Our demonstrator featured an assortment of useful goodies — standard on most Masters to be sold in the UK, but not on the entry-level Freeway — not the least of them being a Carminat TomTom satellite navigation system with a swivelling display positioned above the windscreen.

Such displays are usually mounted on the dashboard and we had to train ourselves to look up rather than down for information. After a few minutes at the wheel, however, we’d got used to the set-up and were perfectly happy with it.

The TomTom package installed includes IQ routes. It makes use of real-time traffic speed measurements to calculate the fastest possible route to the driver’s destination. The display also acts as the screen for the MP3-compatible radio/CD player in a package that additionally embraces BlueTooth. It allows drivers to make full use of the multi-media connectivity that’s available for USB devices or an iPod.

Steering wheel-mounted fingertip remote controls can be used to select albums and tracks while the song titles are shown on the display.

We were equally happy with two other goodies on our test van. When we flipped down the centre of the backrest of the three-man cab’s middle seat it turned into a handy desk that could be swivelled towards the driver to make it easy to use a laptop or complete paperwork. There was a huge split storage compartment under the twin passenger seat (a £30 option; all prices quoted here exclude VAT) and paperwork could be kept tidy by a pull-out and flip-down clipboard (£70).

Although it fitted well enough, some of the dashboard plastic was a bit low rent and we weren’t happy with the positioning of the grab handle the driver uses when entering the cab. It should be on the A-pillar; not stuck awkwardly above the door aperture.

The overhead positioning of the slot that accommodates the digital tachograph — necessary if you’re venturing much above 3.5 tonnes — is awkward too.

Load Area

Twin rear doors and a sliding nearside door come as standard on this model. Our test vehicle was equipped with an offside sliding door (£300) and its glazed back doors could be swung through 270° (£360, or £410 if you want heated windows). Solid rear doors that can be swing through 180° are the standard offering in Britain.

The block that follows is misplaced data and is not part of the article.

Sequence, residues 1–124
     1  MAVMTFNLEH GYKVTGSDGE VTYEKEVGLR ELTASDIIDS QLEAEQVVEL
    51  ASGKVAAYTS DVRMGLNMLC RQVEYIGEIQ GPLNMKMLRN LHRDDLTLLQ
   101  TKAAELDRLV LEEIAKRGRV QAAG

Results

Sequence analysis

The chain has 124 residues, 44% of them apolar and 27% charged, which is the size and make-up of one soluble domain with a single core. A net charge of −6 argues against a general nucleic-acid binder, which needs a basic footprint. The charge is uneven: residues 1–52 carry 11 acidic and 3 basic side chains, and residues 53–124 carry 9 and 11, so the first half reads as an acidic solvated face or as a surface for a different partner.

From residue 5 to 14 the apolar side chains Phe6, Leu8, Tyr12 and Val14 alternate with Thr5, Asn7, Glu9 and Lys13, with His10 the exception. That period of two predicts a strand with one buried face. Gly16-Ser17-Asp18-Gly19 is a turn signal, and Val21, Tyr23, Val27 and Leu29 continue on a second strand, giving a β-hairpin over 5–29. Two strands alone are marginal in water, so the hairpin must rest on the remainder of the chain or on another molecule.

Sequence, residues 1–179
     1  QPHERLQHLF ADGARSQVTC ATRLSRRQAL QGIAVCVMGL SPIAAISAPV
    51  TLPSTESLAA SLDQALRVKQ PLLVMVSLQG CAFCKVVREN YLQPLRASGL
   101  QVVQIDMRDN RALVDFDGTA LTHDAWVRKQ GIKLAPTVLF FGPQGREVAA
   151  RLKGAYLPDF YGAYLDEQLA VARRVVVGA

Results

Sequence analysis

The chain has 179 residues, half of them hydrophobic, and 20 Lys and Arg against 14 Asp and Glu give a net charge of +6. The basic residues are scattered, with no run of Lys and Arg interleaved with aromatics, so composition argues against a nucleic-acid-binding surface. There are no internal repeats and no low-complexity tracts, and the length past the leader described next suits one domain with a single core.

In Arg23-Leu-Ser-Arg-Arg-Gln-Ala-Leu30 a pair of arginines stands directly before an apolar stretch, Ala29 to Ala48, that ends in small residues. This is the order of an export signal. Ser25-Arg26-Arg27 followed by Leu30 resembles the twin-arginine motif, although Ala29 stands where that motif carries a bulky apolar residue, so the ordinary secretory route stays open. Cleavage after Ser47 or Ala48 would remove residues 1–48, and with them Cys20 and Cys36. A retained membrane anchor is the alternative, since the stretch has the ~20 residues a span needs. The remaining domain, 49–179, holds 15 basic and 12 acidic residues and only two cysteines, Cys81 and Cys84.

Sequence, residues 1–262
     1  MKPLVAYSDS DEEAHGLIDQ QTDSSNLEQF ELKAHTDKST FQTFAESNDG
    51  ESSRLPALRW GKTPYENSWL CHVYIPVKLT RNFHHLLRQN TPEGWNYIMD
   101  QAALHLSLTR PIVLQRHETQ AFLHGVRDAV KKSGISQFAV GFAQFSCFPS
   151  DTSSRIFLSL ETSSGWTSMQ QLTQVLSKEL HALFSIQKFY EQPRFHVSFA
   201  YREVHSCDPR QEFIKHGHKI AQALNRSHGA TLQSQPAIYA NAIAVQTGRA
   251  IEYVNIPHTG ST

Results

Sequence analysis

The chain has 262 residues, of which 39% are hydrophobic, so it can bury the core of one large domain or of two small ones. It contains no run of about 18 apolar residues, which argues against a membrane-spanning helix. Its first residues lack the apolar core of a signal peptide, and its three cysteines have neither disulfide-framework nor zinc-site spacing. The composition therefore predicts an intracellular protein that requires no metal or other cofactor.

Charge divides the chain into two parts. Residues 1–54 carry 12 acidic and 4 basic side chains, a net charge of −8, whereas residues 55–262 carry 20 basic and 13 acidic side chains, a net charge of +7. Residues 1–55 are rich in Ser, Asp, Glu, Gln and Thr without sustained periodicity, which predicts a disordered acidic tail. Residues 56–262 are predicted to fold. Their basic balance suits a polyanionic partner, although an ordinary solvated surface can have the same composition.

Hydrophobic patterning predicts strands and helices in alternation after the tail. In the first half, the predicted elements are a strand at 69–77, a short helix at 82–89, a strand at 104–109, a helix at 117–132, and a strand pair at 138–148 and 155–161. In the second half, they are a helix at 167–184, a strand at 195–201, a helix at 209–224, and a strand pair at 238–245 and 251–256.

Maximum L4H2 load length is 4,383mm, maximum height is 1,798mm while maximum width is 1,765mm narrowing to 1,080mm between the wheel boxes. Rear loading height is 717mm. The sliding side door aperture is 1,684mm high and 1,270mm wide while the dimensions for the rear door aperture are 1,724mm and 1,580mm respectively.

All Masters sold through official sources on this side of the Channel are protected by a three-year/100,000-mile warranty with no mileage limit in the first two years. AA roadside assistance is provided for the entire duration.

Service intervals are set at 25,000 miles/two years. The engine coolant should last for 100,000 miles/six years and the timing chain requires no maintenance. What’s more, the brakes should last 20 per cent longer than the brakes on the outgoing model says Renault.

Master prices start at £20,795 and Renault’s newcomer is also produced as a crew van, a minibus, a chassis cab, a chassis double cab and a platform cab. Factory-installed dropside, tipper and box bodies will be on offer too.


With few if any major drawbacks, Renault’s new Master is a real winner, no question about it. It should boost the manufacturer’s sales and market share significantly over the coming months and years as a growing number of customers come to appreciate its virtues.